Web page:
Hometown Heroes

Leila Scoggins


Hometown Heroes


Movie stars aren’t the only idols walking the streets of Madison. In fact on any given Friday morning a team of hometown heroes is winning the hearts of students at Morgan County Primary School and Morgan County Elementary School.


These heroes don’t wear capes; they don’t have magical healing powers or any kind of super powers for that matter. And the best part of these hometown heroes is that most of them don’t even know they are heroes at all.


Week after week Morgan County High School football players file up College Drive to the surrounding schools. They stand outside before school begins, opening the car doors in the car rider lines. Each player greets the children and their parents with their deep voices. But what these boys of fall might not catch is how the children’s faces light up when their heroes open the door.


Each week, we as school staff get a front row seat to watch the little ones we love so much interact with their idols. We simply step back and watch.


Last year, I had the honor of standing behind a high school football player week after week that was new to MCHS. The first morning he came to the primary school, he told me that this was not the tradition where he came from. When the children got out of the cars and gave him high fives he told me just how special it was to him that the kids to look up to him. He had never been anyone’s hero before. You’re their hero, I would tell him.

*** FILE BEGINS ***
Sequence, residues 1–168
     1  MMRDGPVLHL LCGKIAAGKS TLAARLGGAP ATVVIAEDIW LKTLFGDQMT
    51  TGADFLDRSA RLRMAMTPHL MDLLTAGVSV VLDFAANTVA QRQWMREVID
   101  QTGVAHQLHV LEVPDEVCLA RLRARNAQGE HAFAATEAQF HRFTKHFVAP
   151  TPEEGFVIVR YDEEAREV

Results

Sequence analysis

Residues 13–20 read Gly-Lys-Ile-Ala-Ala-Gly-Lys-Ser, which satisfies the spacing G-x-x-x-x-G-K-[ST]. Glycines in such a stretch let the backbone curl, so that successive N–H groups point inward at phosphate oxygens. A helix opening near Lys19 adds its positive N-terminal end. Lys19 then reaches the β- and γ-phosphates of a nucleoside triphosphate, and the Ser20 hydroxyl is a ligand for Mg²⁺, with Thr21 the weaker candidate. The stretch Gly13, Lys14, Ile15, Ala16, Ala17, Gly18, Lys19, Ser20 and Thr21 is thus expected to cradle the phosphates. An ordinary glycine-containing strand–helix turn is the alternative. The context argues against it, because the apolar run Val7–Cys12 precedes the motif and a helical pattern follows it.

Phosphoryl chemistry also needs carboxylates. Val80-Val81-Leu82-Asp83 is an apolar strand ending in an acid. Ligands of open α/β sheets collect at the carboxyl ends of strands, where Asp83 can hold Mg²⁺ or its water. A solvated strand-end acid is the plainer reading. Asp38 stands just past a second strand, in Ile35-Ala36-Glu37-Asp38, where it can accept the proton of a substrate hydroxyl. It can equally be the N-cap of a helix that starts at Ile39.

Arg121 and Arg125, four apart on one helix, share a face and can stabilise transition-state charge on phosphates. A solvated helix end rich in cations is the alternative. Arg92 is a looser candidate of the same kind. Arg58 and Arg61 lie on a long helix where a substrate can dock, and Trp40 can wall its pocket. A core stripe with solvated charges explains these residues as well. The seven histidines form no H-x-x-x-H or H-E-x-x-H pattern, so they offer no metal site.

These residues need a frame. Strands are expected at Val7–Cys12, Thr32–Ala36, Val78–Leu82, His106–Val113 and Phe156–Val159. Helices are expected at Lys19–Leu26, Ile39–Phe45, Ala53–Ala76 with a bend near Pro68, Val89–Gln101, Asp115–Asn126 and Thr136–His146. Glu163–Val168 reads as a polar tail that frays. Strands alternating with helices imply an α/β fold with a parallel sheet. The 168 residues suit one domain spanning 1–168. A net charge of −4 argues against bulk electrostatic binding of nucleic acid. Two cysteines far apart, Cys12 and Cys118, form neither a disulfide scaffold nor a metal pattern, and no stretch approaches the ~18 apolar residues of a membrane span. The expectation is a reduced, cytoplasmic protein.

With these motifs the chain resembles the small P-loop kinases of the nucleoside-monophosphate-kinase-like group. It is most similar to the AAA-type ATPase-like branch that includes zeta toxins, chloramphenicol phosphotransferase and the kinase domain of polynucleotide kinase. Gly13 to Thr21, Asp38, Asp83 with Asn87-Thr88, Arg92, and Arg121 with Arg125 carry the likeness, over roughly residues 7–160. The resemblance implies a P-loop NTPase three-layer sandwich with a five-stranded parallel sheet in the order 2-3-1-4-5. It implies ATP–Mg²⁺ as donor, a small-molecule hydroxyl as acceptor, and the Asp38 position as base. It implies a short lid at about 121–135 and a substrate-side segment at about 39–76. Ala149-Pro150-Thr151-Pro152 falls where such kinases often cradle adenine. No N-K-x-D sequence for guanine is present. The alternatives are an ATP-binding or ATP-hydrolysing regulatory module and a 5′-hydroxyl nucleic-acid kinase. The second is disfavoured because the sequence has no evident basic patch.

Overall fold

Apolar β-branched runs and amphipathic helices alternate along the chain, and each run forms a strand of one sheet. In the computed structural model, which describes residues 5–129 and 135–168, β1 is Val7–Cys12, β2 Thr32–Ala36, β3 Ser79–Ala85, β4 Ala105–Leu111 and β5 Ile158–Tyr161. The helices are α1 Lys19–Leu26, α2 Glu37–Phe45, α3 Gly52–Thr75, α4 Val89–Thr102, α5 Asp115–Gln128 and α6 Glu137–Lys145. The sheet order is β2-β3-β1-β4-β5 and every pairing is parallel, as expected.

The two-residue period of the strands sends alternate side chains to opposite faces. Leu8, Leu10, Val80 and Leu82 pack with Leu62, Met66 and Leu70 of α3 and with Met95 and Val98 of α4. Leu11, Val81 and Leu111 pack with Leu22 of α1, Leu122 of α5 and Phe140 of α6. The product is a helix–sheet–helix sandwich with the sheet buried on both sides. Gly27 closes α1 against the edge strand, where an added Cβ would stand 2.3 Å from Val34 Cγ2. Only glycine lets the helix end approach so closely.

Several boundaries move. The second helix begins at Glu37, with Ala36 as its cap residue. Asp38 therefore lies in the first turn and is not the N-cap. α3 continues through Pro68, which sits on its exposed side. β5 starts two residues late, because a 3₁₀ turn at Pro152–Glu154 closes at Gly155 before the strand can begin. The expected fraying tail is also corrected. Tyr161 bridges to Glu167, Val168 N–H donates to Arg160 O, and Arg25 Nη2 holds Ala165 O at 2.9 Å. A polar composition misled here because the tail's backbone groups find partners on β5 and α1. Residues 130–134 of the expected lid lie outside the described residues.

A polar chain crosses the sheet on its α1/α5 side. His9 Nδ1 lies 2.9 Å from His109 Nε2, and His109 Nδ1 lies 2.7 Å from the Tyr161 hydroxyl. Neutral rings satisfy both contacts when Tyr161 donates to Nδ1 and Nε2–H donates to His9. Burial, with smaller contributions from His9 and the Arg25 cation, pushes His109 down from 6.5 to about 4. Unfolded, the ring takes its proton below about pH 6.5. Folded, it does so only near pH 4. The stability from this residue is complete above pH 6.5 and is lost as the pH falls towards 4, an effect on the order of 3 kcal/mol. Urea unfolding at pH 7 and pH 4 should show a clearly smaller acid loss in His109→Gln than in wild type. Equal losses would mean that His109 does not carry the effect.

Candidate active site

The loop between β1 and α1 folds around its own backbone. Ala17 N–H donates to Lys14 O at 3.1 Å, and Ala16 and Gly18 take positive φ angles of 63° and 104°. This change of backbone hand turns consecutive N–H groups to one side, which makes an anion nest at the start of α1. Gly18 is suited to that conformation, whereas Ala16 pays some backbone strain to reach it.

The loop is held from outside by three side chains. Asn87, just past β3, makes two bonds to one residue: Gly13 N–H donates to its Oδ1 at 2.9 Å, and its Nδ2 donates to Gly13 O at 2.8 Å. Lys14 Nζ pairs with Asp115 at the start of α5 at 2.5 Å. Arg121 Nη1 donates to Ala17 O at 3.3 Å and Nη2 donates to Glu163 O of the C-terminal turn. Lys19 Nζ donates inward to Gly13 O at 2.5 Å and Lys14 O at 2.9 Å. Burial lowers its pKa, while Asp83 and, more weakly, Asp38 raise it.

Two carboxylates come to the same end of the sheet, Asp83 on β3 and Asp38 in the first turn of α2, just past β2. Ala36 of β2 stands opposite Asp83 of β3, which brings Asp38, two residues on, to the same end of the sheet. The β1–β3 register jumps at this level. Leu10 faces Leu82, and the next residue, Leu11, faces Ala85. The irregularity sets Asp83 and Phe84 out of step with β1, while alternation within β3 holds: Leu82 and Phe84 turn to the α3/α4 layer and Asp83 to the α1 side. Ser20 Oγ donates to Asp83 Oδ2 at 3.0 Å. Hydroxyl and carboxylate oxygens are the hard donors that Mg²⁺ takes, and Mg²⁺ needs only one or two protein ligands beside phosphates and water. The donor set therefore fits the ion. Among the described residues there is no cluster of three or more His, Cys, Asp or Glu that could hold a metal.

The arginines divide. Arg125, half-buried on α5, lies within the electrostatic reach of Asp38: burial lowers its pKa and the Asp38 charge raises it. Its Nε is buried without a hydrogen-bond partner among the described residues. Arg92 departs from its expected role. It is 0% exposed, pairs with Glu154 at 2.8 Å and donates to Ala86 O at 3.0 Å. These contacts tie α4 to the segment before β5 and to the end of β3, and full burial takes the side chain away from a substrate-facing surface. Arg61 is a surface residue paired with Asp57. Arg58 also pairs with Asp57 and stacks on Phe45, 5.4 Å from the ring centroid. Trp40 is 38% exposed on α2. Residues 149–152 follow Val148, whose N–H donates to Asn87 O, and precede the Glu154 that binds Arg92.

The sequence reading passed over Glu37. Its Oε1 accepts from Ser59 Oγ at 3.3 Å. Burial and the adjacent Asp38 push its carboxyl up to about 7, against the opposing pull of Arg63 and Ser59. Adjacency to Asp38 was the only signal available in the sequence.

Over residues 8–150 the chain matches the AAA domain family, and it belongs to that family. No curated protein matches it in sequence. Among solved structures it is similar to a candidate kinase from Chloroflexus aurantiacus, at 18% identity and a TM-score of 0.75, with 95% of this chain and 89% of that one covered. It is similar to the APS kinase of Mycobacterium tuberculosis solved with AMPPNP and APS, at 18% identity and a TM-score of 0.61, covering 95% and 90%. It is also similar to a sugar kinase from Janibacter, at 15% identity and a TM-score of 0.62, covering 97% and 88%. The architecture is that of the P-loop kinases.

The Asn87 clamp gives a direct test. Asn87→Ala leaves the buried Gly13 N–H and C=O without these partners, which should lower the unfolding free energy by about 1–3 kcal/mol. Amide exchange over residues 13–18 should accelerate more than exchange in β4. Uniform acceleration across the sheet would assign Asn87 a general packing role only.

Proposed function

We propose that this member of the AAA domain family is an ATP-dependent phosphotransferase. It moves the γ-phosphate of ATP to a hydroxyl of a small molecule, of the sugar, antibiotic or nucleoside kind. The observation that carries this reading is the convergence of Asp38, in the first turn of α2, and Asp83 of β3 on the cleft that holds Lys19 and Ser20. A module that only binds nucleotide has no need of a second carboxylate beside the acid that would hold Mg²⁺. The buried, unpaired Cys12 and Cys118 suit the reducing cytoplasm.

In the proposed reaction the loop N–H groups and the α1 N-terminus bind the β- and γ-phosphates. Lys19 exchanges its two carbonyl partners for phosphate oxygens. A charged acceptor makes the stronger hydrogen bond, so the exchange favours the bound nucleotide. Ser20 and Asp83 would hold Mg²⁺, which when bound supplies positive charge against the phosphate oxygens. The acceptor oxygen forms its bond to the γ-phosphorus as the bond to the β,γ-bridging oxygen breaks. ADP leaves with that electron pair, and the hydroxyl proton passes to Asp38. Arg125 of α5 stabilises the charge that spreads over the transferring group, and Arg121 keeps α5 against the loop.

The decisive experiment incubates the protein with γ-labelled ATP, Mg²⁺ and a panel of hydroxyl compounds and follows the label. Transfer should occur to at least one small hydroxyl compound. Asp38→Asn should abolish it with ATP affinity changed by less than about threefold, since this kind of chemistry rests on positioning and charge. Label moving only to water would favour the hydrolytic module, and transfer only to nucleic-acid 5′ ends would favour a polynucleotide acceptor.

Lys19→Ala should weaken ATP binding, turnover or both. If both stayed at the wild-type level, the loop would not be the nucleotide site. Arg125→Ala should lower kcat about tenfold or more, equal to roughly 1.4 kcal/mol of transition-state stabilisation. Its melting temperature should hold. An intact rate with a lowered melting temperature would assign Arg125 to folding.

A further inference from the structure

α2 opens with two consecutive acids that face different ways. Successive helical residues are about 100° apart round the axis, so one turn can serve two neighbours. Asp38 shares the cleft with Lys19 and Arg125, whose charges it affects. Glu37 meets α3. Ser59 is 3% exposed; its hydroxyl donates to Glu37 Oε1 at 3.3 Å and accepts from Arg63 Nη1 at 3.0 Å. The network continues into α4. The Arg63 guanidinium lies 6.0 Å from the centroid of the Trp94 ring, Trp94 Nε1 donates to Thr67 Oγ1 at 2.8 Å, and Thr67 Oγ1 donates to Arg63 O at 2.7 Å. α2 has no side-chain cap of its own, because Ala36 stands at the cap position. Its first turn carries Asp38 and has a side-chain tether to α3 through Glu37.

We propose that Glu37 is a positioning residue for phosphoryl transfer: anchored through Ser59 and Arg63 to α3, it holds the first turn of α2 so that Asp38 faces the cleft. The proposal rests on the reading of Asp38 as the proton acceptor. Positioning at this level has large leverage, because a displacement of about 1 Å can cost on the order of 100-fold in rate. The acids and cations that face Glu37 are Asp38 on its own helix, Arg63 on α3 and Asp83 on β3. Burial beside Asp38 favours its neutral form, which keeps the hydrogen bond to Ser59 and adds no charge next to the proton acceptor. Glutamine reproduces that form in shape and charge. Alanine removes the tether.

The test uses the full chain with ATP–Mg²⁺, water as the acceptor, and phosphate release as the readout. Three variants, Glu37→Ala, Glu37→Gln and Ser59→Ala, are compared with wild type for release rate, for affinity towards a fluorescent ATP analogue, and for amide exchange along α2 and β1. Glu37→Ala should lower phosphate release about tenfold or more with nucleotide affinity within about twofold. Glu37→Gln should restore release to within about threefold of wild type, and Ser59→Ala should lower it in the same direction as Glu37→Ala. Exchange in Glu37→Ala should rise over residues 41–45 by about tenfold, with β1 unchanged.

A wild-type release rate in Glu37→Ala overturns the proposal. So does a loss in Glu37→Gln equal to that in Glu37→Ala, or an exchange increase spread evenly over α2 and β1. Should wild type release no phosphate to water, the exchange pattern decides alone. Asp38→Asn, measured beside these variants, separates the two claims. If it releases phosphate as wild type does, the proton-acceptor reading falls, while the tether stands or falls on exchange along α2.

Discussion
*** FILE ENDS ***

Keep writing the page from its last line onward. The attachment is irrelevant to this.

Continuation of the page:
Just a few weeks back I met another player, who told me he was injured and would not be able to play that week and wasn’t sure when he would return to the field. He was disappointed to not be playing in the rivalry game against Putnam, but it was evident that seeing the kid’s joyful smiles eased his pain ever so slightly.


These kids don’t care whether you will be on the sideline or making the winning play in the toughest game of the season, I remember thinking. All they care about is that you are on the team and you care enough about them to spend your morning helping them start their day on a happy note.


When the parents pull through the drive on a Friday morning and the door is opened by a teacher they see every day, disappointment flashes across the children’s faces. It reminds me of that player being disappointed not to play in the big game, only on a smaller scale.


So to the high school football player that feels like they don’t matter or that their glory days are over when they leave the field on Friday night, you should know that you do matter. You are someone’s hero, even if only for a short time. You just never know who is watching you.

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